Visualization of sections of the human genome sequence at the Wellcome Sanger Institute near Cambridge, UK.Credit: James King-Holmes/Science Photo Library

Researchers added 200 million DNA base pairs and 115 protein-coding genes — but they’ve yet to entirely sequence the Y chromosome.

Sara Reardon | Nature | June 4, 2021

When the sequencing of the human genome was announced two decades ago by the Human Genome Project and biotech firm Celera Genomics, the sequence was not truly complete. About 15% was missing: technological limitations left researchers unable to work out how certain stretches of DNA fitted together, especially those where there were many repeating letters (or base pairs). Scientists solved some of the puzzle over time, but the most recent human genome, which geneticists have used as a reference since 2013, still lacks 8% of the full sequence.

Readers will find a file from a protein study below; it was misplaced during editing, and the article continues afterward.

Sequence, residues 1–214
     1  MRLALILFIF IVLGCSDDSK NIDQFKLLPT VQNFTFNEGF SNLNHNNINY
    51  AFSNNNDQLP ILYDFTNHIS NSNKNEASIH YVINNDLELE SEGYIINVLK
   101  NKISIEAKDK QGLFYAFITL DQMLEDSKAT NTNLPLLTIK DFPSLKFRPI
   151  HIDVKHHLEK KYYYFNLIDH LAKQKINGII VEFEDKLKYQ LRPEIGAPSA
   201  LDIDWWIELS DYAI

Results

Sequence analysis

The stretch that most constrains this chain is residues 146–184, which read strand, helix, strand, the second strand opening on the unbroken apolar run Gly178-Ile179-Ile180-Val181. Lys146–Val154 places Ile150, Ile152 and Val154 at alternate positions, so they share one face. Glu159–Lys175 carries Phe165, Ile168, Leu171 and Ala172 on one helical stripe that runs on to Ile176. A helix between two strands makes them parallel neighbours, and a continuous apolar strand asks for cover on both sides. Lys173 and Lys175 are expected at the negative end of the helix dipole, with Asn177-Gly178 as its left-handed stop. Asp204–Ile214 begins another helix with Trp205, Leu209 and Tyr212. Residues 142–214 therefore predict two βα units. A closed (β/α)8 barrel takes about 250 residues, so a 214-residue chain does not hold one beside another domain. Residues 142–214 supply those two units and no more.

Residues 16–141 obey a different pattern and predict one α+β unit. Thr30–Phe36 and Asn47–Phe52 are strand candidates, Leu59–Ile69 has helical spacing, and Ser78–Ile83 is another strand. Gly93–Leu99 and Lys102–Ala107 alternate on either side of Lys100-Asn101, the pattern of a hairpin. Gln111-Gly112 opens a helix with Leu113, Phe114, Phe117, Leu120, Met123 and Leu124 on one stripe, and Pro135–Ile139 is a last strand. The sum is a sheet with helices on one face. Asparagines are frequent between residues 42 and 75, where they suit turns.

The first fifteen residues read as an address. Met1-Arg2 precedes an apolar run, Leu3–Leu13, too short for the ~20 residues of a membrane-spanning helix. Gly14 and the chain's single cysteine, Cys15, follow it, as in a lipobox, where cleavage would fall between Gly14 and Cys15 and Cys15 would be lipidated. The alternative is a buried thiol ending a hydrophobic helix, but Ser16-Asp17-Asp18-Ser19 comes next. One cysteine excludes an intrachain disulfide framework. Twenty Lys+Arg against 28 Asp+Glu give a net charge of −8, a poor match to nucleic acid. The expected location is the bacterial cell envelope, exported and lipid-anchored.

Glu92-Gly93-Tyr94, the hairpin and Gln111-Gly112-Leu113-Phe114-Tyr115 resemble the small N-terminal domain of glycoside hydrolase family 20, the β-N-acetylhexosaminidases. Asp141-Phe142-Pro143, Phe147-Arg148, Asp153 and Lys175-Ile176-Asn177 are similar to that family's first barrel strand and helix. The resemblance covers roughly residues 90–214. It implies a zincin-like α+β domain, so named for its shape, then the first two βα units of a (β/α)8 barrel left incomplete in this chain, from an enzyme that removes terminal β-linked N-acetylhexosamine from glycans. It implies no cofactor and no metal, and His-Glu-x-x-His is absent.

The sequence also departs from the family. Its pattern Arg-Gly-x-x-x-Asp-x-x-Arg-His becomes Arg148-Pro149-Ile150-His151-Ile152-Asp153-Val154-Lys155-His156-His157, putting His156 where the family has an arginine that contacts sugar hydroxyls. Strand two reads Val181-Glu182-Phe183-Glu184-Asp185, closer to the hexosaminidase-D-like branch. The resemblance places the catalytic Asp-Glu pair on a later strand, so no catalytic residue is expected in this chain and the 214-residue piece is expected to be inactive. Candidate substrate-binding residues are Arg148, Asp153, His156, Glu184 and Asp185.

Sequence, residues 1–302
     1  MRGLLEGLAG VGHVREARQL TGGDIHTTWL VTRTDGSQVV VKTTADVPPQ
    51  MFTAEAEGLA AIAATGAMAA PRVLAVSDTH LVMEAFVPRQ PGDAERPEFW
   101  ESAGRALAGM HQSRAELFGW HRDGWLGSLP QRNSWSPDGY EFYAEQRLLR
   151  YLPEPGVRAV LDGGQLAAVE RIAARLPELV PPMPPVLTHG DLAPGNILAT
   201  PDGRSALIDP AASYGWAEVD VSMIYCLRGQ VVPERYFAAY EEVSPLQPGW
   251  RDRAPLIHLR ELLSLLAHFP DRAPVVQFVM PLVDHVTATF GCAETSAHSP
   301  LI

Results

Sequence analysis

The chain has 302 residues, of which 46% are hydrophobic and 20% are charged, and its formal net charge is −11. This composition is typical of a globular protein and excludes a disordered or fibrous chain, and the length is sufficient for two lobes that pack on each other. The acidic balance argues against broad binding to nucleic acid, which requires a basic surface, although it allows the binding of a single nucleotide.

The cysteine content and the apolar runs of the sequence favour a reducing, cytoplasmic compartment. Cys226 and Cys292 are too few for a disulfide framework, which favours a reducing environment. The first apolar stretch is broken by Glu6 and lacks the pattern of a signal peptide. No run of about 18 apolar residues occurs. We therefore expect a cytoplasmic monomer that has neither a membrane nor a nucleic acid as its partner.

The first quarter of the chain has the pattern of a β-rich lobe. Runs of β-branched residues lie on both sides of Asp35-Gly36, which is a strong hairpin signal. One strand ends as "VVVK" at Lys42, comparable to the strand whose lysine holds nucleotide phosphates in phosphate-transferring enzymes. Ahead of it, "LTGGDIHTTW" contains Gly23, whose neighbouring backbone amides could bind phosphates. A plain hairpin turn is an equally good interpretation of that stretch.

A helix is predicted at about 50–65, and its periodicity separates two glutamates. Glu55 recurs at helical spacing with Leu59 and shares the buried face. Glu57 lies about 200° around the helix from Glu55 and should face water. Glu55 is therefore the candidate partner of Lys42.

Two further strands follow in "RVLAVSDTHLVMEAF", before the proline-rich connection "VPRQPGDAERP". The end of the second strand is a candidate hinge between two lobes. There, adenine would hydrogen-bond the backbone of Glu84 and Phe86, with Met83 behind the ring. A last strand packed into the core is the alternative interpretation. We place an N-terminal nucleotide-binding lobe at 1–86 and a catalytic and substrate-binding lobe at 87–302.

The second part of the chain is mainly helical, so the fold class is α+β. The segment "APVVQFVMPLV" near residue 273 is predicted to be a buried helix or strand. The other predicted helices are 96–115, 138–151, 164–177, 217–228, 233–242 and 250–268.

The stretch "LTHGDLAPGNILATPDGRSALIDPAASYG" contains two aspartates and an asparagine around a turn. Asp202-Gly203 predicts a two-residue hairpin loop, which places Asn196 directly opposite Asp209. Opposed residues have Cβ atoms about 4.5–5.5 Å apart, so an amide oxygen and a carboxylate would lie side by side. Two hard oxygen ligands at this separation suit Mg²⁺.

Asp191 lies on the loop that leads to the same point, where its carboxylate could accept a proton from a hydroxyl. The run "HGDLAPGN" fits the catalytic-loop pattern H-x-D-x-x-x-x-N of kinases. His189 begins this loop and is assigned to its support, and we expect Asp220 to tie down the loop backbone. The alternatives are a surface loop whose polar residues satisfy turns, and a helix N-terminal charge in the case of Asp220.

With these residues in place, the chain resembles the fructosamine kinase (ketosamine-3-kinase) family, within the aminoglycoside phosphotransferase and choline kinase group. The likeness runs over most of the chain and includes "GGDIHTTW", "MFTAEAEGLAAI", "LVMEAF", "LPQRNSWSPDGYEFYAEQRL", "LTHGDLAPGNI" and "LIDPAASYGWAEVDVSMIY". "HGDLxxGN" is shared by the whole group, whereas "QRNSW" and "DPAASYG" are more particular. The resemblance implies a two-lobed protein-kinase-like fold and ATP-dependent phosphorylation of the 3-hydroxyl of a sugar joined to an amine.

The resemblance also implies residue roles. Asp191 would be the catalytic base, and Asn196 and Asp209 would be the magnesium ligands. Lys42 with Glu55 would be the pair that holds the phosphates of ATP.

Now, researchers in the Telomere-to-Telomere (T2T) Consortium, an international collaboration that comprises around 30 institutions, have filled in those gaps. In a 27 May preprint1 entitled ‘The complete sequence of a human genome’, genomics researcher Karen Miga at the University of California, Santa Cruz, and her colleagues report that they’ve sequenced the remainder, in the process discovering about 115 new genes that code for proteins, for a total of 19,969.

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